Canadian Consulting Engineer

Engineers & the Law: Builders’ Lien Acts and Engineers

A builder’s lien is a claim for payment for goods or services that have been supplied to improve or undertake construction on real property. The lien must be registered against the title of the property on which the goods or services were...

January 1, 2014   By By Chad Eggerman, Miller Thomson LLP

A builder’s lien is a claim for payment for goods or services that have been supplied to improve or undertake construction on real property. The lien must be registered against the title of the property on which the goods or services were provided. The registration is undertaken by the local land titles office.

Builders’ lien legislation in one form or another exists in all jurisdictions and territories in Canada. However, the lien registration deadlines and registration processes, holdback provisions and other details vary between the jurisdictions.

Moreover, the engineer’s right to claim a lien varies according to the jurisdiction. For example, Quebec does not have specific builders’ lien legislation but does have provisions in the Civil Code providing for construction hypothecs, the equivalent of a builder’s lien. In Quebec the legislation is clear that engineers are entitled to file a construction hypothec. Other jurisdictions like Saskatchewan allow engineers to file builders’ liens by specifically including engineering services in the definition of an “improvement.” In jurisdictions such as Manitoba, the legislation is clear that engineers may not file a builder’s lien. Jurisdictions such as Alberta, Ontario and the Atlantic provinces, have made the decision not to specifically address the lien rights of engineers within their legislation.

Given the differences in builders’ lien legislation across Canada as it relates to engineers, we will focus on Saskatchewan, which has a clear legislative position on this issue.

The Saskatchewan legislation, The Builders’ Lien Act, defines an engineer as a “professional engineer” as defined in the Engineering and Geoscience Professions Act, and it includes the holder of a certificate of authorization granted pursuant to this Act.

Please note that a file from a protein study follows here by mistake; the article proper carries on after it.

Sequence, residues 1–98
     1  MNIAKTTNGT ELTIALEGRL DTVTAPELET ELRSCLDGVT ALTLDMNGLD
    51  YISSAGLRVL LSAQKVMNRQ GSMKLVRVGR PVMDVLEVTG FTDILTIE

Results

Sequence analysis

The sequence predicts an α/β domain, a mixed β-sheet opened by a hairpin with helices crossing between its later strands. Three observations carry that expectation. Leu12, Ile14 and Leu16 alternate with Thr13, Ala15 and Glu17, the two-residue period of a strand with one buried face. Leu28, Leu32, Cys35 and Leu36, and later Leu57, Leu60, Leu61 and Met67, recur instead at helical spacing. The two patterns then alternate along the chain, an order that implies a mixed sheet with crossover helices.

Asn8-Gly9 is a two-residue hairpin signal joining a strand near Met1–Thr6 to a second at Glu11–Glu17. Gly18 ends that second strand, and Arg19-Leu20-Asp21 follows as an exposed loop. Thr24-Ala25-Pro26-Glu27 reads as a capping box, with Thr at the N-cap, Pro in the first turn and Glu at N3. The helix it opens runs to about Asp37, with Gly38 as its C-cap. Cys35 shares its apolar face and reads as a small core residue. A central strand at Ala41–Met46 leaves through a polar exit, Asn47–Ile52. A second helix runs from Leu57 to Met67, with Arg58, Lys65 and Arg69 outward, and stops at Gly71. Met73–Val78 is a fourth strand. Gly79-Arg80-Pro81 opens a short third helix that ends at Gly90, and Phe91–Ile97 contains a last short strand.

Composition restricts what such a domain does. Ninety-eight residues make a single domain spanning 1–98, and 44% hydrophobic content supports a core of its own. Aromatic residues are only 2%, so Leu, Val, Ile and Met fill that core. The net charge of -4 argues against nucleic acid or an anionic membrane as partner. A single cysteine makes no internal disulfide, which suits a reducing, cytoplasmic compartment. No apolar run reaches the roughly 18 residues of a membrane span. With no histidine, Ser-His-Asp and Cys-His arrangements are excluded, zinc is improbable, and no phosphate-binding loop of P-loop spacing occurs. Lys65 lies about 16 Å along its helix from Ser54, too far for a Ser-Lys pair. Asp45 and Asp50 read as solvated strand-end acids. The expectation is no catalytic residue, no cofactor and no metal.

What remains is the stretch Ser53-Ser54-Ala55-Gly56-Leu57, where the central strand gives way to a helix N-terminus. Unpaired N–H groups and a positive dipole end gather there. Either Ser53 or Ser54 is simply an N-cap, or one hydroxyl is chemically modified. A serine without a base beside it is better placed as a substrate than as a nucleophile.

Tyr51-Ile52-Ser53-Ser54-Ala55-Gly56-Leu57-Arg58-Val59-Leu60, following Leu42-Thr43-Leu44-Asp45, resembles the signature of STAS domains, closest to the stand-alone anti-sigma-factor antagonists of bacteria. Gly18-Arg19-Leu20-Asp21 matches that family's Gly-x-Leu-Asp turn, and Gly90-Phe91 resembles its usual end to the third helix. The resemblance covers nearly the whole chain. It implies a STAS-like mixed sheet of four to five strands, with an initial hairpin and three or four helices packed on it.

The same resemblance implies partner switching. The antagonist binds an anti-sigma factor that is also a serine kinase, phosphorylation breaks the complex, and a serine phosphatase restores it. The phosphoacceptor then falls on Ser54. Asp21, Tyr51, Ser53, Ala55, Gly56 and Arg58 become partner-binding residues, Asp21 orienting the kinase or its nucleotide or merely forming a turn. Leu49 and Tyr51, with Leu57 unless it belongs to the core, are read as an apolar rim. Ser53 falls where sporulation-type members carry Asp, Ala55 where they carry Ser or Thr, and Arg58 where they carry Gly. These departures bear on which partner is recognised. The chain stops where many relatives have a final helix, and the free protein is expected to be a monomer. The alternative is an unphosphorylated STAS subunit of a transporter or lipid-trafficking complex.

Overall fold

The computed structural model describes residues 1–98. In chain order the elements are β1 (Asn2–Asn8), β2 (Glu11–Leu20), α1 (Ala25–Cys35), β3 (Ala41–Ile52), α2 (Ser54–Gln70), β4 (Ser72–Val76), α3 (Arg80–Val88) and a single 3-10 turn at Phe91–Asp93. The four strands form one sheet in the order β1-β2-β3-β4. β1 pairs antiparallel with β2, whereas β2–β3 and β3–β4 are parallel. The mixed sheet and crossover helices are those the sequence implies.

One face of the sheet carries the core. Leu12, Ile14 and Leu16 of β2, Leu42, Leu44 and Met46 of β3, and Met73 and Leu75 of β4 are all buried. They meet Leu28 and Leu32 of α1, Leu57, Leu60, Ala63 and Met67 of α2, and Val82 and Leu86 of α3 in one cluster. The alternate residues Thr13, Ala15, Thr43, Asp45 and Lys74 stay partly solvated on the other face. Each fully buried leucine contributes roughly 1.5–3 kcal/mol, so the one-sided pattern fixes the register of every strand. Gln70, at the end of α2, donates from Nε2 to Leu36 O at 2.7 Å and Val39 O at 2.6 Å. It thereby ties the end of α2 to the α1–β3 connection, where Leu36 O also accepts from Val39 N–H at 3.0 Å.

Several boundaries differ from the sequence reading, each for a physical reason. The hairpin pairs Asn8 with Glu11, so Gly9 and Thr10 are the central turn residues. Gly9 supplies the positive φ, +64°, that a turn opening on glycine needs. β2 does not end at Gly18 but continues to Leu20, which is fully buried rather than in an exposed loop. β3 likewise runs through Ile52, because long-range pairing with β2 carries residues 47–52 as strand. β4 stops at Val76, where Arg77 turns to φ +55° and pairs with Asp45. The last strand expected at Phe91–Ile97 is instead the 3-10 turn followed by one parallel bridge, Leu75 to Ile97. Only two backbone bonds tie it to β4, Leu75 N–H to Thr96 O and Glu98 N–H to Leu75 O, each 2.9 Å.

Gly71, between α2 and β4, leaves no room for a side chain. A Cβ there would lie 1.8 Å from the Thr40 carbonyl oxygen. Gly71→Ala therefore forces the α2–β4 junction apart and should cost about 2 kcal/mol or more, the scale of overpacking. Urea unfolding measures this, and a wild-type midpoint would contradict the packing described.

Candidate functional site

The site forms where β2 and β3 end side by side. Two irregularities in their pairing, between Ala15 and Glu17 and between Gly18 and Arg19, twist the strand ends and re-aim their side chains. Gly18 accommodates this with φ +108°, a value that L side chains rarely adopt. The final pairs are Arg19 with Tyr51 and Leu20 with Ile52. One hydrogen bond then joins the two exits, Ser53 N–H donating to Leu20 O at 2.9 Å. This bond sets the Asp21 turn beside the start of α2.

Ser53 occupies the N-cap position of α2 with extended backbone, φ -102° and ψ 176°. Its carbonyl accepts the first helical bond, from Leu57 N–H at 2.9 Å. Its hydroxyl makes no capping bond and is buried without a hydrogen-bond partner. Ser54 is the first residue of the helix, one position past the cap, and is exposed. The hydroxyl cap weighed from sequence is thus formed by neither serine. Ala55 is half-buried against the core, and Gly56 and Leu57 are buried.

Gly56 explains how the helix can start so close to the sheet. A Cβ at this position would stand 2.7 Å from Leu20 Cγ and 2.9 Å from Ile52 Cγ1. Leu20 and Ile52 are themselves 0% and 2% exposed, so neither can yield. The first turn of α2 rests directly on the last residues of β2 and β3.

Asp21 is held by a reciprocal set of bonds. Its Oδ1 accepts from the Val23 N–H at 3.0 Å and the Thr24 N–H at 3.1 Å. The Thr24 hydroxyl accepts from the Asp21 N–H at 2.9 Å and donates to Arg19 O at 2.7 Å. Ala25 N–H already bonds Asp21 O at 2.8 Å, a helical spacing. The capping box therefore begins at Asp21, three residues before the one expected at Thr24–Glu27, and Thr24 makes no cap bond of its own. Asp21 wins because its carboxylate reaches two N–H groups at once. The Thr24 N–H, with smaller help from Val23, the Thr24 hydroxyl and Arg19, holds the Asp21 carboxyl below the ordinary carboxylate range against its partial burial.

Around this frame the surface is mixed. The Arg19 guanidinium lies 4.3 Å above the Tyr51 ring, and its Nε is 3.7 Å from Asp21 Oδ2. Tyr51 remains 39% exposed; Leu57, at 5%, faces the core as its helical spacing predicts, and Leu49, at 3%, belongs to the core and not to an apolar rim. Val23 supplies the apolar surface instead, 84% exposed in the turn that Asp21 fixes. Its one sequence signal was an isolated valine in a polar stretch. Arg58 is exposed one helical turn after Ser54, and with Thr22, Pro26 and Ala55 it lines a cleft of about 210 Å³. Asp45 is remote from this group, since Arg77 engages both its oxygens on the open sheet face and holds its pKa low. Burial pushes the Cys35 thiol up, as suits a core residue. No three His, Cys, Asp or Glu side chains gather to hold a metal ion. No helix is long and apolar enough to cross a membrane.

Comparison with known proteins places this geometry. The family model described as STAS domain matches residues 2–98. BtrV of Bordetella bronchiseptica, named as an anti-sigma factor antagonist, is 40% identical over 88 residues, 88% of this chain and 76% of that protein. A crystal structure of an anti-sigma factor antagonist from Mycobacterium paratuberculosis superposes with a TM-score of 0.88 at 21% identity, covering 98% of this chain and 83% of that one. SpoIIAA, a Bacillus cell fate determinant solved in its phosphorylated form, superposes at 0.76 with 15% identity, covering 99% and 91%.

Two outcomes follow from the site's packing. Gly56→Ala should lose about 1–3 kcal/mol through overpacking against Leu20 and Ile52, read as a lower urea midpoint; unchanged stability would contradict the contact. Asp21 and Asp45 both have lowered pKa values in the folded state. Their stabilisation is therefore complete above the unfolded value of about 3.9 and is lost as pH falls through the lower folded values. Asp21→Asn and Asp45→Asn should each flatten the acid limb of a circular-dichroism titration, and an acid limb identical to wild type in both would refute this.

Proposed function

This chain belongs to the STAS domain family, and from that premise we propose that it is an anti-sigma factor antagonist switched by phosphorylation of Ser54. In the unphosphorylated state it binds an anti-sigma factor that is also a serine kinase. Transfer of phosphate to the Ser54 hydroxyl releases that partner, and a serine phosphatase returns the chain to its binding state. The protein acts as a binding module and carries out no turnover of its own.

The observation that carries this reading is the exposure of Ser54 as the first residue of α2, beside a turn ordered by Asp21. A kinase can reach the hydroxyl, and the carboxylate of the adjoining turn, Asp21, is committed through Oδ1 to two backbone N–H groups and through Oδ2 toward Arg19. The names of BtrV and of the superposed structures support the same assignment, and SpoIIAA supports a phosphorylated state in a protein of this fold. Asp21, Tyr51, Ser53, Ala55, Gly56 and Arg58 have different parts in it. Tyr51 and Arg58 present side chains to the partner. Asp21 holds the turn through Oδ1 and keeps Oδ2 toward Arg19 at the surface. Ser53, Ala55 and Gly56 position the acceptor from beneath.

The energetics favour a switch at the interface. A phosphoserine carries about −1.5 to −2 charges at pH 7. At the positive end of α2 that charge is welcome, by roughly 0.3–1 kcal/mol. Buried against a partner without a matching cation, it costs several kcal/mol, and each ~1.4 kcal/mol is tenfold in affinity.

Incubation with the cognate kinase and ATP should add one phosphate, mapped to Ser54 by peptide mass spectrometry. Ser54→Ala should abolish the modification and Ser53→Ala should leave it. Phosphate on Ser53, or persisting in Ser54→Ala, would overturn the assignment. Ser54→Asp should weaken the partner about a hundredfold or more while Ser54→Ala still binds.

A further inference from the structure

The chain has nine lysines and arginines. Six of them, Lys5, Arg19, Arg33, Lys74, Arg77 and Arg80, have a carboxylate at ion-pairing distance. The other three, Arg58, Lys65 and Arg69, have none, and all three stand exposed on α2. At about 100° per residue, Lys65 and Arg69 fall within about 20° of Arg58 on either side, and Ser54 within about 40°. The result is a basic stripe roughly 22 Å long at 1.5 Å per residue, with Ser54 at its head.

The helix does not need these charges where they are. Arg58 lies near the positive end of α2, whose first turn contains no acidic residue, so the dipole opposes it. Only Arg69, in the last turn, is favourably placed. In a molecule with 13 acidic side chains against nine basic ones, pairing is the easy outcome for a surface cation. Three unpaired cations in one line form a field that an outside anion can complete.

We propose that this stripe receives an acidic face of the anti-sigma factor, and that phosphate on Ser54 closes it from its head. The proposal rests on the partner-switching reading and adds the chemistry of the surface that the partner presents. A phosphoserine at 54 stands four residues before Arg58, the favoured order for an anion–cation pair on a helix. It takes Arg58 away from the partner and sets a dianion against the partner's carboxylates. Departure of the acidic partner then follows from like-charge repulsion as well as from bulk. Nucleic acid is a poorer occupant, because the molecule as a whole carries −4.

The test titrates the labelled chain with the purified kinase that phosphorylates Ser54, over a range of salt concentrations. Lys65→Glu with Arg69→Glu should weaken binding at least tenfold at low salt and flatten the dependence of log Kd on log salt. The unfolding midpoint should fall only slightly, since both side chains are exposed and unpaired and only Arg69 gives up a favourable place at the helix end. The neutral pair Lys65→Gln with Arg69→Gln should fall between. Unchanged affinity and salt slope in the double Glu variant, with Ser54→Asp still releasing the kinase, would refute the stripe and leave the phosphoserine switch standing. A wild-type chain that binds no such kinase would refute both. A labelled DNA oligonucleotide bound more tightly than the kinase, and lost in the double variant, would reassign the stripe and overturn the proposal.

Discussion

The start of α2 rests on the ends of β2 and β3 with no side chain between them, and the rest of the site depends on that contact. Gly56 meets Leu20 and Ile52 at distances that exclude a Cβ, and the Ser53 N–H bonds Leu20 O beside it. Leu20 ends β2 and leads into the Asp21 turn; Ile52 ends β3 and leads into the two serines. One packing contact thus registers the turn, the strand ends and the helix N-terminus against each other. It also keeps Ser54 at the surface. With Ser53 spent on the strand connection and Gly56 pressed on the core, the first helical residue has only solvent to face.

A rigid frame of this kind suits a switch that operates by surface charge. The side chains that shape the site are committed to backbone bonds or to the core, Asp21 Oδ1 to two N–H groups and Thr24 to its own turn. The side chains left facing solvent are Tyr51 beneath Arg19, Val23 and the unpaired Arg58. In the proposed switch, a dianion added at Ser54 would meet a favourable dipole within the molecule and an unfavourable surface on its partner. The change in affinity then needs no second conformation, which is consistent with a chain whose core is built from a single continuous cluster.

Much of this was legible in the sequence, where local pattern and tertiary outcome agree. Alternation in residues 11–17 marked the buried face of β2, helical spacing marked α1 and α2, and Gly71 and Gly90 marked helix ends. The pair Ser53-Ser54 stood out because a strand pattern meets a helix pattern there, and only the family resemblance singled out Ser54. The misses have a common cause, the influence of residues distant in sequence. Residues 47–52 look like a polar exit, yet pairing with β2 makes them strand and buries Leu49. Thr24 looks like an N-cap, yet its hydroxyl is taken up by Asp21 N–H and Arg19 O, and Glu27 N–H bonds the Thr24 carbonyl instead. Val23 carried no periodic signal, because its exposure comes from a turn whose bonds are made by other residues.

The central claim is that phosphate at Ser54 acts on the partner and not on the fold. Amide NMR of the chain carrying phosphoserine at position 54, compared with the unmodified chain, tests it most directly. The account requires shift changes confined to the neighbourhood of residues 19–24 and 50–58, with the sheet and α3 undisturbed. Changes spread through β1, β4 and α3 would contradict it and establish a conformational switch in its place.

Saskatchewan’s Builders’ Lien Act requires that a person claiming a builder’s lien must supply goods or services to an “improvement.” The Act defines “improvement” as a thing actually or intended to be: constructed, erected, built, placed, altered, repaired, improved, added to, dug or drilled on or into, land, except a thing that is not affixed to the land or intended to become part of the land. While not the most elegant legislative drafting, similar definitions of “improvement” are used in other jurisdictions in Canada.

To what extent do engineering services constitute an “improvement”? On the face of things, the definition seems to suggest that there must be some type of physical interaction with the land in order to establish that an improvement has occurred. For large multi-national engineering firms which are often engaged in many phases of large projects (sometimes including construction and construction management), it may not be difficult to establish such physical interaction. However, for consulting engineers who often provide specialized engineering services for a single phase of a project, establishing such physical interaction can be problematic. A further problem for all engineers is that their services often relate to design. While essential to the project, such services are not tangible (beyond the actual diagrams and documents) and are not directly connected to the land on which the project is situated.

Saskatchewan’s Builders’ Lien Act has clarified this point and provides that an “improvement” includes services provided by an engineer. Alberta, Ontario and the Atlantic provinces have not specifically included such a clarification.

The benefit of the Saskatchewan approach is an engineer’s clear entitlement to file a builders’ lien. The disadvantage is that additional administrative costs may be incurred, and the engineer’s invoices will be subject to the deduction of the holdback.

The benefit of the Alberta/Ontario/Atlantic approaches which are not clear in the applicability of the builders’ lien legislation, is that they provide an opportunity in most cases for the owner and engineer to agree to exclude the applicability of the builders’ lien legislation. At the same time, this uncertainty creates a risk: the engineer may incur an additional cost by having to negotiate with an owner, or litigate, to clarify whether a builder’s lien or holdback is available or applicable.

Because of these and other differences in builders’ lien legislation across Canada, advice should be sought from a lawyer familiar with the issues in the specific jurisdiction in which the project is located. cce

Chad Eggerman is a partner with Miller Thomson LLP in Saskatoon. Email ceggerman@millerthomson.com


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